If kids don’t know where the line in the sand is, they will have real trouble in navigating their way through the digital world.
An alliance is an important symbol.
It is not a one-time solution and you will need to constantly update your Digital family alliance in response to changes in technology and your children’s development.

At Be in Touch, we believe that open communication is the best long-term solution to the digital dilemmas facing families today. Strict regulation of time and content might work in the short term, but often results in children searching for loopholes or hiding their digital behaviour. This sets up the next problem – when they are exposed to inappropriate or disturbing material, they can’t ask for the support and guidance they need. So – how to combine both approaches into the best combination, designed by your family, that will work for your family?
This checklist will take you through the basics of how to create a Digital Family Alliance with the inputs from your whole family.

Read through the Digital Family Alliance Guidelines first. Download the BiT Digital Family Alliance Guideline 
Download the Digital Family Alliance for your family to sign BiT Digital Family Alliance
Download an editable Digital Family Alliance for you to customise for your own family editable Digital Family Alliance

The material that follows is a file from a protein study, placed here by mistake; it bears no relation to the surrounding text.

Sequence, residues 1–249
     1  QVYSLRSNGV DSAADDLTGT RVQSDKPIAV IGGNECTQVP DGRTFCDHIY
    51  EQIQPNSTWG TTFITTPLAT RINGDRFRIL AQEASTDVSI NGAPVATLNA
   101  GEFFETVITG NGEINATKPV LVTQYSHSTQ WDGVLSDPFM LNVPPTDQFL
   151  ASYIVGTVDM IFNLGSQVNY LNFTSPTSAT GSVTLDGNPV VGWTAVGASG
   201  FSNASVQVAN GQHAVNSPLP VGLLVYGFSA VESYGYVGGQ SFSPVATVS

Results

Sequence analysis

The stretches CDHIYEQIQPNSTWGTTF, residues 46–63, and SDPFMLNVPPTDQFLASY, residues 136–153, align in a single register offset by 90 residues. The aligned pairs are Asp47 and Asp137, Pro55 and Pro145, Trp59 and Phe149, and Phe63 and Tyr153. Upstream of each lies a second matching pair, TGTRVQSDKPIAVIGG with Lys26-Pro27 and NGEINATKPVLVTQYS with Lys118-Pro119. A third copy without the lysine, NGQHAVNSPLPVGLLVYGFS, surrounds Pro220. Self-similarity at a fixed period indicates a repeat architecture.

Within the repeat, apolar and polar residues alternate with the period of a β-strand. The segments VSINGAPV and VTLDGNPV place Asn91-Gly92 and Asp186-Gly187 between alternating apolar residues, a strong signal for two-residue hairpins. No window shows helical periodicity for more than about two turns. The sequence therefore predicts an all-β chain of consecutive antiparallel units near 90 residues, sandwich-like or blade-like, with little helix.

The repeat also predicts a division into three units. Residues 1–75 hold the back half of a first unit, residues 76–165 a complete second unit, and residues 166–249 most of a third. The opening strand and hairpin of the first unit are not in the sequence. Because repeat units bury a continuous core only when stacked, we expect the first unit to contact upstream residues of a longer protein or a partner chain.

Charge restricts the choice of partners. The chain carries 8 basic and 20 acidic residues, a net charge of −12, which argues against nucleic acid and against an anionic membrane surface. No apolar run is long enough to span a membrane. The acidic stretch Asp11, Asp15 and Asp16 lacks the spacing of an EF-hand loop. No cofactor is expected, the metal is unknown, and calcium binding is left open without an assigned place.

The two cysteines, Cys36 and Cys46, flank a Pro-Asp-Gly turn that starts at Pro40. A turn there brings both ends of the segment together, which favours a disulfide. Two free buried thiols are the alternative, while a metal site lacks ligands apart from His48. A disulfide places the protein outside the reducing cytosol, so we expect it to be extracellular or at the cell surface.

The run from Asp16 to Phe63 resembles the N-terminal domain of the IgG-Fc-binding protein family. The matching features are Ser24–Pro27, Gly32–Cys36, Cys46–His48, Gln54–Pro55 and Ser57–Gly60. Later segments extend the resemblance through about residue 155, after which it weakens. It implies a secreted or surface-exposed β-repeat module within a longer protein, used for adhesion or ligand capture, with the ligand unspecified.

Commonsense Family Agreement template
Model good digital habits
We know that children are more likely to do what we do, as opposed to do what we say.
Modelling good digital habits is a great way to help your children to understand the need for them to think twice before they use their own devices.

Here are three practical tips to help you start being more conscious about how and when you use your device:
  1. Delay your choice of entertainment App use
  2. Schedule your entertainment App use
  3. Schedule focus time – put your phone on silent, turn off notifications, set a timer, finish the tasks you need to get done first.
Set an example for your kids: tell them what you are doing on your phone so they learn to understand the difference between productive tech use and pure entertainment.
Install Parental Controls
As parents, we are never off duty, but keeping tabs on your kids is an overwhelming job. In today’s world, parental controls are something we need to consider, to protect our families from digital exposure that can have far reaching impacts on their psyches. We believe that parental controls go hand in hand with teaching your kids good digital habits and how to use and interact with technology responsibly.

From filtering out violence, pornography, suicide, cyberbullying, grooming or giving you the ability to geotrack your kids in the interests of their safety, there are parental controls to suit different families and pockets.

They fall into roughly four categories:
  1. Content filters (which limit access to age inappropriate content)